Department of International Relations 75th Anniversary Public Lecture Series

The "national interest" concept has become an underappreciated source of global insecurity.  Not because there is anything intrinsically wrong with people having interests that must be preserved, promoted, or protected.  Rather, the “national interest” as such obscures whose interests are served (and harmed) by the efforts of policy elites to secure the state.  Governments routinely use the language of the national interest to justify a politics of violence, secrecy, and exclusion while bracketing off explicit questions of morality and justice.  And, national frameworks for mobilising resources and collective action are logically mismatched against global threats like climate change.  But rather than wishing away the modern nation-state or simply suggesting changes to the words that governing elites use, this lecture will argue that addressing the contradictions in the national interest—as well as some of international security studies’ most cherished strategic constructs—is a start point for constructing more durable forms of security. 

About the speaker
Van Jackson is a Professor of International Relations at Victoria University of Wellington and a Senior Research Scholar at Security in Context, where he co-directs the Multipolarity, Great-Power Competition, and the Global South project. Van’s research broadly concerns East Asian and Pacific security, the intersection of political ideology and U.S. foreign policy, and critical perspectives on the theory and practice of grand strategy. He is the author of dozens of journal articles, book chapters, and policy reports, as well as four books, the most recent of which are Grand Strategies of the Left: The Foreign Policy of Progressive Worldmaking (Cambridge University Press, 2023) and Pacific Power Paradox: American Statecraft and the Fate of the Asian Peace (Yale University Press, 2023).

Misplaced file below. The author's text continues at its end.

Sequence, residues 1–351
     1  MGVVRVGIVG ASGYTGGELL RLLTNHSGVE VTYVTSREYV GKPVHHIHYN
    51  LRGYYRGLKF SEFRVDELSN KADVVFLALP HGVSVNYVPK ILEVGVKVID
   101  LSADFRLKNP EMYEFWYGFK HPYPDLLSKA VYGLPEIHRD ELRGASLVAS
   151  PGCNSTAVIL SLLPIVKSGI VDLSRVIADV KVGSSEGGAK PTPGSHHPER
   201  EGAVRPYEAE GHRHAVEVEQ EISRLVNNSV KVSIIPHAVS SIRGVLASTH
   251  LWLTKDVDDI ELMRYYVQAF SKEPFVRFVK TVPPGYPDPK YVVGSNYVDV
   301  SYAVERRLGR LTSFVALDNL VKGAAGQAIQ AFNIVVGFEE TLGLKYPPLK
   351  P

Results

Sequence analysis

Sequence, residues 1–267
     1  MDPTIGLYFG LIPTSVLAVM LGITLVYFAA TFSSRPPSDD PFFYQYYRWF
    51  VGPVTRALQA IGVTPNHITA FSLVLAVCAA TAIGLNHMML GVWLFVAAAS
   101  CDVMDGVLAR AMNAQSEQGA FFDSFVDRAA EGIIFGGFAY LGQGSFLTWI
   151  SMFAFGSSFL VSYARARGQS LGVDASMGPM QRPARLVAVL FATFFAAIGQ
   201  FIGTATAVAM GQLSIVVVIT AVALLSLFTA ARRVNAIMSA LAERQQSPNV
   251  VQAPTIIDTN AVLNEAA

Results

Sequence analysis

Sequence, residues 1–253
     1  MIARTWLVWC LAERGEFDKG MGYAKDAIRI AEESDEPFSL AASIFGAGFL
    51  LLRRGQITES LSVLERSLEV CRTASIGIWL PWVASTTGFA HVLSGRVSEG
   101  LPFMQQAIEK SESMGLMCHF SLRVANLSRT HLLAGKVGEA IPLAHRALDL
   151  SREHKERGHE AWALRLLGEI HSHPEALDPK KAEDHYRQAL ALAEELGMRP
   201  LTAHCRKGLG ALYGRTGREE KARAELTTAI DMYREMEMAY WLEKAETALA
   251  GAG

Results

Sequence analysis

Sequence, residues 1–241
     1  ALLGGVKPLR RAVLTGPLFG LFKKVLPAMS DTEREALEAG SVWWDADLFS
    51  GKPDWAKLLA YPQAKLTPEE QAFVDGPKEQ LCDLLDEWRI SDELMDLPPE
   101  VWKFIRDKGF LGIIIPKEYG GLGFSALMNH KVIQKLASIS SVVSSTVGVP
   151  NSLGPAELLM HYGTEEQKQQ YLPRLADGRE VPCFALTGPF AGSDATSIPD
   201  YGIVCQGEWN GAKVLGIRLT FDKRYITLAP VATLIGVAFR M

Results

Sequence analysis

About the chair
Deepak Nair is a Fellow / Senior Lecturer in the Department of International Relations, Coral Bell School of Asia Pacific Affairs, at The Australian National University. His research centres on the microsociological study of international relations, particularly the circuitries of everyday diplomacy spanning ministries and diplomatic enclaves in Southeast Asia, especially in the budding ASEAN diplomatic field in Jakarta, Indonesia.


This lecture is held as part of a series celebrating the 75th anniversary of the founding of the Department of International Relations, located within the Coral Bell School of Asia Pacific Affairs at The Australian National University. You can find more information about the Department’s history and the other activities being held to mark the anniversary throughout 2024 here.





To be announced

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